Wild Bill (ITV), with Rob Lowe as crimebusting American-in-Lincolnshire Bill Hixon, continued to push boundaries, although not always in a good way: the serio-comic mood still jarred, its characters frequently behaved bizarrely and it featured probably the first recorded juxtaposition of “Fraggle Rock” and “F---ing”. But surrender to its strangeness and there was gold here.
Craig Parkinson, Line of Duty’s Caddy, propped up a creaky plot as the so-called Piano Man, a taciturn, haunted-looking amnesiac whose obsessive piano-playing on Boston’s railway station concourse was ostensibly to block out The Voices. His crumbling sanity was neatly evoked both by Parkinson’s considered turn and a soundtrack of radio phone-ins, a source of derangement for even the most level-headed.
Through a combination of dodgy policework, lucky guesses and desperation to keep his job, Bill managed to link Piano Man to the Boston Bandit, an armed robber and killer still at large. What followed was a bewildering plot encompassing a precipitous bunk-up between Bill and the local Crown Court judge (Rachael Stirling), evidence of blackmail between local crook Oleg Kraznov (Aleksandar Jovanovic) and Bill’s most capable officer Muriel Yeardsley (Bronwyn James), and Piano Man’s eventual exoneration; the Boston Bandit, it transpired, was a corrupt cop and Bill’s biggest enemy on the force.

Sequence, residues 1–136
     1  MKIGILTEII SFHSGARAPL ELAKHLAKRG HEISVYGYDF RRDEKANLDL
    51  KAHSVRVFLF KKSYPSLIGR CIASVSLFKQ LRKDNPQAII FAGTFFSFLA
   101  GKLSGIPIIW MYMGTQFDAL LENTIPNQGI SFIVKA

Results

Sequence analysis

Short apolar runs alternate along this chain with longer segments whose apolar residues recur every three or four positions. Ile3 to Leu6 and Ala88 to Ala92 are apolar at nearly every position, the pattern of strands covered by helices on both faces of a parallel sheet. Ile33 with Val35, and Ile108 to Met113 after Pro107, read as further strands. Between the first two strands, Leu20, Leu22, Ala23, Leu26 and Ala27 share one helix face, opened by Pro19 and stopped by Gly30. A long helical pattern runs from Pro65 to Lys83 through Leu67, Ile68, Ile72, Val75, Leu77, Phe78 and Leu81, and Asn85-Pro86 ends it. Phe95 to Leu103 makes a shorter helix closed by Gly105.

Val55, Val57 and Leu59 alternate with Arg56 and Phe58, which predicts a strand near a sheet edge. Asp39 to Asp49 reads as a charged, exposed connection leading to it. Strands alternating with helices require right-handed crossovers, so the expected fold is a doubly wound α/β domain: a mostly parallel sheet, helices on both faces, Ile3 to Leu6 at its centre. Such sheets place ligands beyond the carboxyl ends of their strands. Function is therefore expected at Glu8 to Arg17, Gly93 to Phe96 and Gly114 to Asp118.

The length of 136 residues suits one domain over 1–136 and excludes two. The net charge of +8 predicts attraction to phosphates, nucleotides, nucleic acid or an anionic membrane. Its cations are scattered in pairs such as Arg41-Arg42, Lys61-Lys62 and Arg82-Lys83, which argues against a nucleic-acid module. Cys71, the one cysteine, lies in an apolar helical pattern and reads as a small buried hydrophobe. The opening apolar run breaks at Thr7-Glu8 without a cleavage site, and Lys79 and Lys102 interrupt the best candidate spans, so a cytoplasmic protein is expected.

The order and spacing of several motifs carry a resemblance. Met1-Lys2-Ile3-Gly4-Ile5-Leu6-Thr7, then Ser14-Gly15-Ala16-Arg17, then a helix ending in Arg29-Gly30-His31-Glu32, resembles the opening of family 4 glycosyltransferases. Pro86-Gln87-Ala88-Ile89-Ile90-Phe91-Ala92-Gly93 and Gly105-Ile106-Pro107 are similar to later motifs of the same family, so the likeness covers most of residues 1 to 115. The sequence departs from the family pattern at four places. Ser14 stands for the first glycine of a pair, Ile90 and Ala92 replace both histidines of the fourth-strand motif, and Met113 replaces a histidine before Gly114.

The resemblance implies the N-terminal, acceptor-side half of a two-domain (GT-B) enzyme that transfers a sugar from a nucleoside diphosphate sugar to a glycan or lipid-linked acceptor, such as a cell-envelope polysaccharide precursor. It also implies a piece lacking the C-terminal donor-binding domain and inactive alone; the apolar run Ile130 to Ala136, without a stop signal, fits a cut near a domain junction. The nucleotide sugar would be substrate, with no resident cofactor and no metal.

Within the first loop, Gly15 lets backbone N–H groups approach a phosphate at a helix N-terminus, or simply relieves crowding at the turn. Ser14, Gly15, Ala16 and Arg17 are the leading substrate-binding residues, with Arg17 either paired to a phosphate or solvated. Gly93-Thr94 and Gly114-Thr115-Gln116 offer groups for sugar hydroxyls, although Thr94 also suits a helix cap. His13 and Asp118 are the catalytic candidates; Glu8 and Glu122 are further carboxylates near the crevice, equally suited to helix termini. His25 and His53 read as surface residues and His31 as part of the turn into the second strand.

Lowe is a master of quick-fire funnies, but was clearly straining for a depth the script only occasionally afforded him. When the plot did slow down, he was genuinely affecting as a man wracked with guilt over his late wife and his own parenting. But such moments were rare, with Bill instead lurching from ostentatious acts of kindness to draconian policing, his behaviour as erratic as the series’s tone. Wild? Perhaps. Woolly? Certainly. But its very oddness is what makes Wild Bill worth watching.